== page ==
Sunday, June 13, 2010

Bunny Chow

In honor of World Cup 2010's host country, I decided to make some popular South African street food for a group of friends who gathered at our place yesterday to watch USA vs. England. I was lucky enough to get to SA in our summer/their winter of 2005, and Bunny Chow was far and away my favorite meal there--perhaps with the exception of PeriPeri shrimp, which I'll post before the Cup ends. Here's the recipe for one of the easiest and most satisfying dishes I've made in ages.

Bunny Chow
  • 2 lbs boneless, skinless chicken thighs (bite size pieces)
  • 2 tbsp garlic (minced)
  • 2 tbsp ginger (minced)
  • 1.5 red onions (chopped)
  • 4 large potatoes (bite size pieces)
  • 1 tbsp turmeric
  • 2 tbsp red chili powder
  • 2 tbsp ground coriander
  • 2 tbsp salt
  • 2 tbsp garam masala
  • 1 inch piece of cinnamon
  • 3-4 cardamon pods
  • 3-4 cloves
  • 1 cup low sodium chicken broth
  • 1 tbsp cornstarch and a little bit of water
  • 12 whole bread rolls (not the sliced kind)

Here's the amazing part--just combine* all of the ingredients (with the exception of the chicken broth, cornstarch, water and rolls) in a slow cooker. Make sure you rub the spices into the chicken, onion and potatoes. Next, add the chicken broth. Cook on high for 3.5-4 hours, or on low for 7.5-8 hours. About 30 minutes before serving, mix the cornstarch with enough water to make a thick paste and add this mixture to the chicken curry. Stir well, and don't be afraid to have the chicken and potatoes break apart. *I ignored a bunch of slow-cooker first principles by not searing the meat, not layering meat on top of potatoes, etc. It turned out moist, tender and delicious anyway. And if we had the time to do all of those preparatory steps in the morning before work, would the slow cooker really have revolutionized the amount of time we spend on meals?

How to serve: Pour the chicken curry into a serving dish and garnish with chopped cilantro (optional). Take the bread rolls and hollow out a large hole in each one, making sure that you retain the 'lid' and 'insides' as one piece. [note: the kaiser rolls pictured above are a decent, if not slightly disappointing, substitute for South African 'government sandwich loaves' which are tall and square, like Indian pav. If you can get loaves like those, bless you.] Allow guests to assemble their own Bunny Chow by removing the lid, scooping some curry inside and using the lid to eat the meal with their hands. That's the real way to do it. Serves 12.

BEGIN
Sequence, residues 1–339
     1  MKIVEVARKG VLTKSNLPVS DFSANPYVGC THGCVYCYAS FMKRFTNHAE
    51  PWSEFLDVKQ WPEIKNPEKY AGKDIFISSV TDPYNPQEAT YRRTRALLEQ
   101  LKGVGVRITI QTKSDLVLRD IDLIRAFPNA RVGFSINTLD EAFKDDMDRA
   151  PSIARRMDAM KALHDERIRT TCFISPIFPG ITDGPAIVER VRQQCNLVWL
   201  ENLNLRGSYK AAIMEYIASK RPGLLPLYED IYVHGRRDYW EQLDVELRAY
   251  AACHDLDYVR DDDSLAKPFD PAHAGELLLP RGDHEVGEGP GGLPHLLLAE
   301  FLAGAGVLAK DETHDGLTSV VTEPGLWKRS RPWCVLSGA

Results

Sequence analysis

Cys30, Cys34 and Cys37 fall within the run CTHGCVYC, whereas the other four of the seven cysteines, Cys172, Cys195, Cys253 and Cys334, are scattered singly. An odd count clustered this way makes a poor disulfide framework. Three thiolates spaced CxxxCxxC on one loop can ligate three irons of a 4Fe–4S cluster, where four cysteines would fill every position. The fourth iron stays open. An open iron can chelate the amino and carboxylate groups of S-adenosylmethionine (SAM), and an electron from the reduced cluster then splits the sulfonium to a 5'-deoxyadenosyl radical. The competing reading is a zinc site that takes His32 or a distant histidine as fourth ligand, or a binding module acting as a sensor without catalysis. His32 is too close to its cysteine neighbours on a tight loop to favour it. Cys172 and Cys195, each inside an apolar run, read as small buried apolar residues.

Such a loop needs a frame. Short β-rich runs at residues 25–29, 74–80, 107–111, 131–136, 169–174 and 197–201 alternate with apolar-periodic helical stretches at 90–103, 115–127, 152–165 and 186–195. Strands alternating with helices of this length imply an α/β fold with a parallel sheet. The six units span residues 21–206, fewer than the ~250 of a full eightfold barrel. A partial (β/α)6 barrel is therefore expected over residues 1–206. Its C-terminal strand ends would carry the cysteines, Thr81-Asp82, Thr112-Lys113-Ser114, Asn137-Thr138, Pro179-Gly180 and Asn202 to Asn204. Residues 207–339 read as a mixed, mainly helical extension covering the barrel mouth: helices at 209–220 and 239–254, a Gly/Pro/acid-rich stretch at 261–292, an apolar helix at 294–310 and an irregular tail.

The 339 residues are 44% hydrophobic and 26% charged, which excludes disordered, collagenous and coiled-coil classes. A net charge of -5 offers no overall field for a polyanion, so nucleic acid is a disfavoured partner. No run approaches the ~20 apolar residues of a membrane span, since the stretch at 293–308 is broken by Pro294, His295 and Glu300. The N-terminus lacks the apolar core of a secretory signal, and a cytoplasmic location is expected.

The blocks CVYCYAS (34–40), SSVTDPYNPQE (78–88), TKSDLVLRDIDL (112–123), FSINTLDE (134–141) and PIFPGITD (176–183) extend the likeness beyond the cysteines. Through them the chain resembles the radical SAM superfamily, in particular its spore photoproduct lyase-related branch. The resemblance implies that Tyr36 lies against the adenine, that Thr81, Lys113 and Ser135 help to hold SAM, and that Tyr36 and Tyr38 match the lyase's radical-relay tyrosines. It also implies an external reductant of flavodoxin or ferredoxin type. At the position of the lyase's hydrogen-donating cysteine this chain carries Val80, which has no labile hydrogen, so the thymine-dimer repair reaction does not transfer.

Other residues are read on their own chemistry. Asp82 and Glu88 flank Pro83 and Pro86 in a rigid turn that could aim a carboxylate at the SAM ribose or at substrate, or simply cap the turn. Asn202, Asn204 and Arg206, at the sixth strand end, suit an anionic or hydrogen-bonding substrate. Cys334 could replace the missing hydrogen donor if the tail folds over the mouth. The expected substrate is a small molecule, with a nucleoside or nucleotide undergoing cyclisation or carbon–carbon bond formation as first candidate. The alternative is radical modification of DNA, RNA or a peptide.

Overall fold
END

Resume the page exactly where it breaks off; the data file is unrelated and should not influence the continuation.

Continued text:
The astute among you may be asking why chicken curry inside of a bread bowl is called Bunny Chow. Since 12 servings of rabbit do not usually appear on a graduate student's grocery budget, I'm grateful that the name developed completely independent of the cottonball-tailed burrowers.

While the actual origin of the dish is disputed, I find the most believable account to involve the Bania (pronounced: buh-nee-yah) caste of Indian migrants, brought over to South Africa as indentured laborers to work on sugar cane fields. One version explains that Indians were excluded from restaurants and given curry scooped into a loaf of bread to take away; another claims that Indian workers found the loaf easy to transport to the fields. Both reports describe the affordability and convenience of a meal that workers have discovered in various countries throughout history--pasties in England, for example, were also cheap and convenient options for Cornish tin miners who could not come up for lunch and wanted a self-contained meal to eat without utensils below ground.

The term Bunny Chow is said to have arisen around 1933, when Indians and non-Indians alike suffered from the Great Depression and discovered that this meal was one of the cheapest they could manage. Bunny became the colloquial adaptation of the Banian curry, and 'chow' was the term used to describe Chinese food--another community who turned to the meal for sustenance. Interestingly enough, now the phrase is sometimes used to describe multiculturalism in South Africa, even becoming the namesake for a 2006 film about the humanity in interpersonal/intercultural/interracial, really inter-difference, relationships.

Sixteen years after the end of apartheid, South Africa has made serious advancements in this direction, and I hope that this fact isn't lost on World Cup audiences as they watch matches hosted in this country. Its post-apartheid Constitution was the first in the world to outlaw discrimination based on sexual orientation, for example, and even legalized same-sex marriage in 2006.

But race relations seem to be another matter. The legalized system of racial segregation under apartheid (in addition to a history of colonialism), and the measures that have since been taken to compensate for such injustice, have fostered distrust and resentment that seems to live strong today. I remember walking back to my hostel in Durban, with some Bunny Chow in hand, and encountering its white owner on a bench outside. He looked at the food in my hands and offered the following, unsolicited, wisdom: "We have a saying here in South Africa. During apartheid, whites were the head of the cow, blacks were the ass, and Indians were milking it in the middle. Now that apartheid's over, blacks are the head, whites are the ass and the damn Indians are still milking it in the middle." Charming, really.


Raj Ajinkya said...

I can already smell and taste the Bunny Chow.

Joy said...

sounds delish! will have to try it!